Atlantic City Police Charge Five in $12,000 Credit Card Fraud Case Tied to Borgata
Posted on: September 22, 2019, 07:54h.
Last updated on: September 23, 2019, 10:42h.
Atlantic City police have charged five men in connection with an identity theft case that led to nearly $12,000 in fraudulent purchases at the Borgata Hotel Casino and Spa.
William Newhart, 41, was charged with identity theft, fraudulent use of a credit card, theft, receiving stolen property, and conspiracy.
Back in June, detectives in Atlantic City’s Financial Crimes Unit received a tip from casino security about a possible credit card scam. They determined Newhart created a credit card account under the name of a man from Mechanicsburg, Pa., without the victim’s knowledge.
Police allege Newhart used the card to buy 81 gift cards at the New Jersey casino. The cards were worth $11,900.
Newhart then distributed those gift cards to four other men, who were all identified,” the police statement read. “The gift cards were then used at various retail stores and eateries throughout Borgata.”
The casino, which opened in 2003, features 10 restaurants and 10 specialty boutique retail stores.
The Philadelphia man received a summons to appear for a future court appearance, the police department said in a statement.
Others Charged in Case
Besides Newhart, Atlantic City police also charged the following individuals in the case:
Salvatore Tomazzolli, 42, was charged with identity theft, theft, receiving stolen property, and conspiracy. Tomazzolli is from Tobyhanna, Pa.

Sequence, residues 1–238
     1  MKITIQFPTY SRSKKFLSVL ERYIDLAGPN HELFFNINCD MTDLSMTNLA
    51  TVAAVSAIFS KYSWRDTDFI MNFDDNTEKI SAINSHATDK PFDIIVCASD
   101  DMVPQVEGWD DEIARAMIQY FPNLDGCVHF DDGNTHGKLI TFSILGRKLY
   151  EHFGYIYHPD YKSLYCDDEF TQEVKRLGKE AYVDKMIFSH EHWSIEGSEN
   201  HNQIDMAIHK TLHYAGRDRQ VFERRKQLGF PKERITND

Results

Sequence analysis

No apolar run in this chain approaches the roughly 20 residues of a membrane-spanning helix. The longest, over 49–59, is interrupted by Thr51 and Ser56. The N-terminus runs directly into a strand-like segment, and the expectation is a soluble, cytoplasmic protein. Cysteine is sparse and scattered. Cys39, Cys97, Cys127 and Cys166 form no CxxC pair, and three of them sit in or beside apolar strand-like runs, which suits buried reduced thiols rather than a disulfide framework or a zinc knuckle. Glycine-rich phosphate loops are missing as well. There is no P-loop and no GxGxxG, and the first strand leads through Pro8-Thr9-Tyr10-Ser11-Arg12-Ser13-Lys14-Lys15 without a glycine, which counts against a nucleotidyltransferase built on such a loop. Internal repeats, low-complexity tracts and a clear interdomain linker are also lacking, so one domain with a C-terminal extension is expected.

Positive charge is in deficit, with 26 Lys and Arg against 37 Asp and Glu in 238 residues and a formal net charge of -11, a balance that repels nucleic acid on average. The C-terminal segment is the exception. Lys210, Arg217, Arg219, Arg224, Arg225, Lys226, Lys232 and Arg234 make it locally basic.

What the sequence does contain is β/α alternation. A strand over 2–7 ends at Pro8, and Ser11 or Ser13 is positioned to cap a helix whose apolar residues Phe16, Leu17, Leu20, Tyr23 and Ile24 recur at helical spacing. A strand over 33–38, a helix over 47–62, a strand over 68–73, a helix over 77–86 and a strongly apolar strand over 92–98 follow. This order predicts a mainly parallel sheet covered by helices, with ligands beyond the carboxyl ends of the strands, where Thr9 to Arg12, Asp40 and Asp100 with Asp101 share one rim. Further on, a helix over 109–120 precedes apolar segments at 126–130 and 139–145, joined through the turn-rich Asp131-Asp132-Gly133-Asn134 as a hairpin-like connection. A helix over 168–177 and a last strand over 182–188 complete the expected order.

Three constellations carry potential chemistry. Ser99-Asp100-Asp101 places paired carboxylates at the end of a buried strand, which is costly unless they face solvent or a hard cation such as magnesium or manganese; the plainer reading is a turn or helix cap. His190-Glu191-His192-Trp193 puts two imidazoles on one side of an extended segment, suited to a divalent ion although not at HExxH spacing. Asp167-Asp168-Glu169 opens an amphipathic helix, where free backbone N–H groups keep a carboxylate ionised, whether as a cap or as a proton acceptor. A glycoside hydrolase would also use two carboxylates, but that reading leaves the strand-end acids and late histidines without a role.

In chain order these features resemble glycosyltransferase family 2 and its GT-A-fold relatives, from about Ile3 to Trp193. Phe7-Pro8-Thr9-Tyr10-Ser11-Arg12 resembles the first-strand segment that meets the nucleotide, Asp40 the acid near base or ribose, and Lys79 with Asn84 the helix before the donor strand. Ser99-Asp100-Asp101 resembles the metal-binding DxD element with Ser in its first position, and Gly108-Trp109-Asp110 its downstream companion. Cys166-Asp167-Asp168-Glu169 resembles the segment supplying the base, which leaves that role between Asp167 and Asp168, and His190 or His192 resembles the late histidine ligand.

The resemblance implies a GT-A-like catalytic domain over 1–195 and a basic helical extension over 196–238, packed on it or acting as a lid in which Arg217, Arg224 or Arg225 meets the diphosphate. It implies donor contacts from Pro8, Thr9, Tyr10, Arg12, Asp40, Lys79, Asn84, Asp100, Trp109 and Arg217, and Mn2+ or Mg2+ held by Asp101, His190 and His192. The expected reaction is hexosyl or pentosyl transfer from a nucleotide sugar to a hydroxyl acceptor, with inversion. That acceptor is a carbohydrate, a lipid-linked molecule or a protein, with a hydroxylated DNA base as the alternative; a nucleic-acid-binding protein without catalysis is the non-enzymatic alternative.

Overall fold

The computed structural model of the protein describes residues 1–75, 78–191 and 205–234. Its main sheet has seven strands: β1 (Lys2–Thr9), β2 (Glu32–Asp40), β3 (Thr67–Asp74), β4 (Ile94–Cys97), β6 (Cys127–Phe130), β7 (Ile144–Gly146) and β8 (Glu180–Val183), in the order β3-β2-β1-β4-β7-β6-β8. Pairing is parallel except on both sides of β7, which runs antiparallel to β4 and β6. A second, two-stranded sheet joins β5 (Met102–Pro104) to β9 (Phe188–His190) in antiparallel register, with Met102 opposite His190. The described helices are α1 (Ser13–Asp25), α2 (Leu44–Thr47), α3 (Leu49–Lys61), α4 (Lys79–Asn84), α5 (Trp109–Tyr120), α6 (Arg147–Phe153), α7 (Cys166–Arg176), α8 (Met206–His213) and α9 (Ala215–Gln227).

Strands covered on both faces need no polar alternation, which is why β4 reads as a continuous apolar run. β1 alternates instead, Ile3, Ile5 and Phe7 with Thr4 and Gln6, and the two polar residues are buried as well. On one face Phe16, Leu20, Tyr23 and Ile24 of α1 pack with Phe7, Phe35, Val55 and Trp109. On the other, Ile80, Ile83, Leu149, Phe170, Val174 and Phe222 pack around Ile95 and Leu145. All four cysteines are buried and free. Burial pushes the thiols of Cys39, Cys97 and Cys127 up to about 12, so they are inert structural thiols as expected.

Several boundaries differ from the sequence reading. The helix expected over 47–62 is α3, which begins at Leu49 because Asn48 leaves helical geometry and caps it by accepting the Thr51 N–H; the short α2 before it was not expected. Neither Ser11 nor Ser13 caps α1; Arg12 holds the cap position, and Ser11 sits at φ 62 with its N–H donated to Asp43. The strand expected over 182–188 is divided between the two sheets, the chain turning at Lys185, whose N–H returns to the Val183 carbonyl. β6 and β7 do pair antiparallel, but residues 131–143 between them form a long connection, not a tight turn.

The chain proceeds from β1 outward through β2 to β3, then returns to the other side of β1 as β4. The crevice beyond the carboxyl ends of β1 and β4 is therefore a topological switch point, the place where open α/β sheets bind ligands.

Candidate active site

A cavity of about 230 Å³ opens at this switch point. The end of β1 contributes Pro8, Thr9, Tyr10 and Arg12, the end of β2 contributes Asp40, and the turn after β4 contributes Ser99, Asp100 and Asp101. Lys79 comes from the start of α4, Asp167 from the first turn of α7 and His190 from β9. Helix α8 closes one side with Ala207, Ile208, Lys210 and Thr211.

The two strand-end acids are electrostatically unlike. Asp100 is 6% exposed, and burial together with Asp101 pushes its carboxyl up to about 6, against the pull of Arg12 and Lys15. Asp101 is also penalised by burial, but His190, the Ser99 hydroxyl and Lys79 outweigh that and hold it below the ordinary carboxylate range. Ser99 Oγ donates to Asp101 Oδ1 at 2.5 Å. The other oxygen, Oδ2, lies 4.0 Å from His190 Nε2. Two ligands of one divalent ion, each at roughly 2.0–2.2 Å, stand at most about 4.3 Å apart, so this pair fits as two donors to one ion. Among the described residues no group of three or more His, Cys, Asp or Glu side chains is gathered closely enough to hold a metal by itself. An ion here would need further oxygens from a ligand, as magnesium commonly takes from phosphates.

Keith Mruzinski, 24, was charged with identity theft, theft, receiving stolen property, and conspiracy. Mruzinski is from New Brunswick, N.J.
Daniel Glick, 37, was charged with identity theft, theft, receiving stolen property, and conspiracy.
Edwin Rivera, 43, was charged with identity theft, theft, receiving stolen property, and conspiracy.
Glick and Rivera are from Atlantic City.
Like Newhart, each of the accused received a summons to appear for a future court appearance.
New Accounts Rising Trend in Identity Theft
The Borgata case is among a trend that’s been developing in identity theft cases in recent years.
According to the Insurance Information Institute, there were 3 million reports of identity theft received by the US Federal Trade Commission’s Consumer Sentinel Network. Of those cases, nearly half involved fraud.
The institute also noted since 2015, when credit and debit cards started featuring microchips that made it harder to counterfeit, most of the fraud has focused on the creation of new accounts. That means criminals are using additional personal information besides just the victim’s name.
New Jersey ranked 13th among states, with 125 complaints per 100,000 residents. Pennsylvania, meanwhile, was 21st, with 107 complaints per 100,000 residents.
Nevada ranked second in the country with 104 complaints per 100,000 residents.
One way individuals can prevent credit card fraud based off identity theft is to place a security freeze on their credit reports. According to Javelin Strategies, such freezes keep everyone except current creditors and select government agencies from accessing a person’s credit report.
“Although costs vary per state, typically each bureau charges less than $20,” Javelin Strategies noted in its report. “Should you need to open an account requiring a credit check, the freeze can be lifted through the credit bureaus.”
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